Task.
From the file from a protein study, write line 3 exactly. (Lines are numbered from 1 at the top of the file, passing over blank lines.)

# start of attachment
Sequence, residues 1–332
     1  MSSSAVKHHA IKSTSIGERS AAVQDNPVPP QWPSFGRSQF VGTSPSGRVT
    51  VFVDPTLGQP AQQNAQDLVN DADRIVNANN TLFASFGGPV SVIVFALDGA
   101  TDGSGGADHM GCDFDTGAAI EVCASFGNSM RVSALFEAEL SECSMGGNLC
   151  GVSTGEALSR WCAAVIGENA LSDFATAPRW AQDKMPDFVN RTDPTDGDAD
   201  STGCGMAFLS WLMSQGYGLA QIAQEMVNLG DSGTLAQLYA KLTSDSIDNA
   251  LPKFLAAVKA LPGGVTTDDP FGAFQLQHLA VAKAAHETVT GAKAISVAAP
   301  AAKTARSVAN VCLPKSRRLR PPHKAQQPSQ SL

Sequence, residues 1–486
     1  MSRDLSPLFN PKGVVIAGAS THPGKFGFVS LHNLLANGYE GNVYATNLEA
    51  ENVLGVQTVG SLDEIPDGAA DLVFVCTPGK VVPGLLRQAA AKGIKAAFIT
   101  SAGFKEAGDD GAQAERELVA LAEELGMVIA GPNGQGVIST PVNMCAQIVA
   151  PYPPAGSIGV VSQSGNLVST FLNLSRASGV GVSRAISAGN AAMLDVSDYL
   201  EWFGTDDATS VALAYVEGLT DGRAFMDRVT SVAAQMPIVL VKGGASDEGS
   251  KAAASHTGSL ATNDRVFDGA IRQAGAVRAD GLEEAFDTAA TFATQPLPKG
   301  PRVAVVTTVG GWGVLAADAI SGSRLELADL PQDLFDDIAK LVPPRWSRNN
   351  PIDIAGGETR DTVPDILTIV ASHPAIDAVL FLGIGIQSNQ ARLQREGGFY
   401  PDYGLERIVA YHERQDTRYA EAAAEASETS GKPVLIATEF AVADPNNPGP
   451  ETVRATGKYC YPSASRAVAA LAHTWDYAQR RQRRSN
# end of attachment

    51  VFVDPTLGQP AQQNAQDLVN DADRIVNANN TLFASFGGPV SVIVFALDGA